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Coffee

Five misconceptions about the elixir of writing an assignment the day before it’s due.

 

We all (well, most of us), like a good cup of coffee. Whether it’s the deconstructed almond latte (say inner city Melbourne hipster), the iced coffee (tradie), or the skinny latte (middle-aged businessperson), it’s amazing how we’ve come to understand some bizarre facts about our favourite blend. Allow me to deconstruct a couple of them.

One. Coffee is bad for you.

If thirty cups of a triple-shot grande cappuccino is your thing, then it’s probably bad for you. Wait, that is definitely bad for you.

In moderation though, it’s a different story. The Mayo Clinic Studies have linked reduced chance of Parkinson’s disease, multiple sclerosis, liver disease, and liver cancer to moderate coffee intake.

So, you want to give up coffee because it’s bad for you? Well, don’t. Moderation, by the way, equals three to four cups a day.

Two. Coffee can help in weight loss.

So, 100 milligrams of caffeine – between half and a full 8oz coffee – burns up to 100 calories a day from the metabolism boost it offers. So, in theory, it sounds like a great idea.

But, a study of 58,000 people over 12 years (that’s a lot of Brazilian and Colombian workers employed by the way), show that most people who increased their caffeine intake ended up putting on weight compared to those who maintained or decreased caffeine intake. Sorry to those health fanatics that justify their coffee, pre-workout, or Red Bull for its weight loss.

The issue with drinking coffee is rarely the caffeine, but all the extra stuff we add. You know that person that takes four sugars with their coffee? A standard 8oz coffee can have 120 calories and seven grams of fat with full-cream milk, or 70 calories with skim-milk (not including the added sugar). Almond milk is lower in calories (60), but also far higher in being fun-free, lower in protein, and calcium.

To help you out, a person having four cups of coffee a day (full-cream milk and two sugars) downs about 760 calories a day, or about 38 per cent of your daily intake. Ouch. Cutting the two sugars puts us down to 24 per cent. Switching to almond milk halves that 24 to a 12.

 

Three. Coffee can sober you up and fixes hangovers.

This one is believed by a lot of people. After a good hangover, a coffee always seems to make me feel better. It sounds logical, right? Metabolism booster plus alcohol means that the said alcohol is processed faster? Sorry to say, that’s wrong.

It can probably make you feel worse Sunday 11am, face down on your deck table cursing silently at the sun for being so bright. Caffeine can dehydrate, which is really not what anyone needs after a night out.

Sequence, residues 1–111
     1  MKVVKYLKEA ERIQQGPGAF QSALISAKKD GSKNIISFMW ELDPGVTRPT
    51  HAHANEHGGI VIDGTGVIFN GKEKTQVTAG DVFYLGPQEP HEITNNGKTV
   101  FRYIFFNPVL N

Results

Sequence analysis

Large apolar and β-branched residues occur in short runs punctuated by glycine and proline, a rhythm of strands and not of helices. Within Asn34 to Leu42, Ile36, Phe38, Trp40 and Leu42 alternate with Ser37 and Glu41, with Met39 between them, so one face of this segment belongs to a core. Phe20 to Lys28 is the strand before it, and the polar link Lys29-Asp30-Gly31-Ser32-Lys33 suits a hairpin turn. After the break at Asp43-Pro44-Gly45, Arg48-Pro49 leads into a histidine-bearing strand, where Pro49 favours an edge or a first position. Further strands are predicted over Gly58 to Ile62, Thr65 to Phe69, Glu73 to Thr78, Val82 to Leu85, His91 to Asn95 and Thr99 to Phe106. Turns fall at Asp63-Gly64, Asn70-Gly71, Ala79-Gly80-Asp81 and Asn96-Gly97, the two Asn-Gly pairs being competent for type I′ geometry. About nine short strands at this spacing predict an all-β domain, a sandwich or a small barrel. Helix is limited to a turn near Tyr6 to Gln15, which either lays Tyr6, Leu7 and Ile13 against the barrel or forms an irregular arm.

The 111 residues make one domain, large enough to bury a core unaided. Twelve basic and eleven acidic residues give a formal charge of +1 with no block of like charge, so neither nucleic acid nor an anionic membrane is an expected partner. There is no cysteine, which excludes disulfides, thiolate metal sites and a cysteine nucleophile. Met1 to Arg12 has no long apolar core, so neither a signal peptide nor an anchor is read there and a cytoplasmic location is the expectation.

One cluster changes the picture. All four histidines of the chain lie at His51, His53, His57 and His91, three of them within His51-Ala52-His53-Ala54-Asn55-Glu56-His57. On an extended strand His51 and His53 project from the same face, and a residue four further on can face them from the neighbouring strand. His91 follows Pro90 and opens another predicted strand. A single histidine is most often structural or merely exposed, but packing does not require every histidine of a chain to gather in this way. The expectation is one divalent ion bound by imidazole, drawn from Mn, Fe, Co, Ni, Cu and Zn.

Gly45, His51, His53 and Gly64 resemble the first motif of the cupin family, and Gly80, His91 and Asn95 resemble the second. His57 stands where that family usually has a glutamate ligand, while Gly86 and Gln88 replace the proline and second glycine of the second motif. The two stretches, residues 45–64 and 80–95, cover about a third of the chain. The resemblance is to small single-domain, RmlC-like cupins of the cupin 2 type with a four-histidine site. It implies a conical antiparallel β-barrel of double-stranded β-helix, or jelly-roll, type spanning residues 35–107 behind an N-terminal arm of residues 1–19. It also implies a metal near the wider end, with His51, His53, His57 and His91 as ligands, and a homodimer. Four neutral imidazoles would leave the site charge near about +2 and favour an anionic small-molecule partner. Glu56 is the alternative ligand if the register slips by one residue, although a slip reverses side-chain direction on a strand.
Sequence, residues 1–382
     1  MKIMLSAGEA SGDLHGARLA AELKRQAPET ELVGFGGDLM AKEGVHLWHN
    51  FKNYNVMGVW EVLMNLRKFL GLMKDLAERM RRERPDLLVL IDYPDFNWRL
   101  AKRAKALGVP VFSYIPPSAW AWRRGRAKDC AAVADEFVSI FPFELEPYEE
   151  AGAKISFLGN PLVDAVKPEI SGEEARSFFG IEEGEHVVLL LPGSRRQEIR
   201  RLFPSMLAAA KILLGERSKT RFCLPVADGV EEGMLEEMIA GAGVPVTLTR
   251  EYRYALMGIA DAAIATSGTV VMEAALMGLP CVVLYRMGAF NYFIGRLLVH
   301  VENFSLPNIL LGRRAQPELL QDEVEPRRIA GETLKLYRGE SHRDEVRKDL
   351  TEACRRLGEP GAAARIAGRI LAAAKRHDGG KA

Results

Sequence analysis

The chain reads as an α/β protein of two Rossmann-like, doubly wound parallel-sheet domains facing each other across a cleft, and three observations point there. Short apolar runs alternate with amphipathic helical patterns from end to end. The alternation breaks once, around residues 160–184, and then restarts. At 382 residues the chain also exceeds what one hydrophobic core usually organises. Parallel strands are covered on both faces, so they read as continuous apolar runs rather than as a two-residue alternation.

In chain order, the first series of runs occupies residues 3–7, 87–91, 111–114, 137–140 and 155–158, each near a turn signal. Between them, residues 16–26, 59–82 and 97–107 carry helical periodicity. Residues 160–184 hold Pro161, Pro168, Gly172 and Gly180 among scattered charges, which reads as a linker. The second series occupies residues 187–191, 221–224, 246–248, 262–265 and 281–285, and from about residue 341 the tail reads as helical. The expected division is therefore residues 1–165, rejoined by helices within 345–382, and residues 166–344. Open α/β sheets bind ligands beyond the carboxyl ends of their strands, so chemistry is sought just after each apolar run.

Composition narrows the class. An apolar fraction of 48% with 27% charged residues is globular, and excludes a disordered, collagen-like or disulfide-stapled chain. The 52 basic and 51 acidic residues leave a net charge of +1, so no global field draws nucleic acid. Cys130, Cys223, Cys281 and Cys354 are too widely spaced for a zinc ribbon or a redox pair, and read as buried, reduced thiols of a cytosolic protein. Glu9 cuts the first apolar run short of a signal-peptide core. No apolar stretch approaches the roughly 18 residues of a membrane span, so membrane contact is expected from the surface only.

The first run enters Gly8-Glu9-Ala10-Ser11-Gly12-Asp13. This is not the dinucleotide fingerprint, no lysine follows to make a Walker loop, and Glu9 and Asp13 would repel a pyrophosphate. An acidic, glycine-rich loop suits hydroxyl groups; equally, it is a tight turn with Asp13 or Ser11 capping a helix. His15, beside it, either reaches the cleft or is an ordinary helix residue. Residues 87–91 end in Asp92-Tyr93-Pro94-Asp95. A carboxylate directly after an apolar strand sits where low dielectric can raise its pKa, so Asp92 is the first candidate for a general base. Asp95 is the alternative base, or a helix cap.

It also makes you feel more awake and alert whilst crumping in the corner of Mobius at 4am on a Sunday morning. Maybe it makes you feel like you’re slurring less when trying to meet potential ‘friends’ at 2am in Lonnies. But, the truth is, that it does little to sober anyone up. It just makes us feel that way.

We are also far more likely to do stupid things whilst loaded on espresso martinis or vodka Red Bulls than if we drink alcohol alone. One such study shows that we are far more likely to get in a car with a drunk driver if we have combined alcohol and caffeine.

Four. Afternoon coffee will keep you awake at night.

Caffeine stimulates, right? But, unless your liver enjoys a catnap in the afternoon, then most coffee should disappear from your system within four to seven hours.  A coffee at 3pm is gone by that 10pm bedtime. Wait, what am I talking about, no University student sleeps at 10pm. Not when there are so many episodes of House of Cards, Orange is the New Black, or 13 Reasons Why to binge on Netflix.

Have a coffee a 5pm, sleep at 12am – if you like an early bedtime.   

Five. The truth. Coffee helps studying.

Well, this is not a misconception, but it’s here anyway. Read on.

Whilst coffee cannot do much for your waistline, fails to fix hangovers or sober anyone up, it can help us study if we consume it right, that is.

Coffee can help increase focus and concentration, enhance our ability to retain information, increase alertness, and enhance mood, or so Nestle says. They’d never bend the truth right? They’ve got nothing to gain from increase coffee demand, right? Don’t worry though, Johns Hopkins University in Baltimore backs them up in one of their studies using 200 milligram caffeine pills (equivalent to one or two coffees).

Just remember, that there is a ‘golden mean’ to caffeine consumption.

This is how much caffeine we are likely to intake.

1oz Cappuccino – 235 mg (approx. 156 mg for 8oz)

No-Doz – 200 mg per tablet

8oz Red Bull – 80 mg (but these have far more than caffeine to pump you up)

Nespresso pod coffee – 50-80 mg

12oz McDonald’s Cappuccino – 71 mg (approx. 48 mg for 8oz)

8oz Black tea – 47 mg

12oz Coca-Cola – 34 mg (approx. 23 mg for 8oz)

8oz Green tea – 29mg

Caffeinate. Study. Rinse. Repeat.

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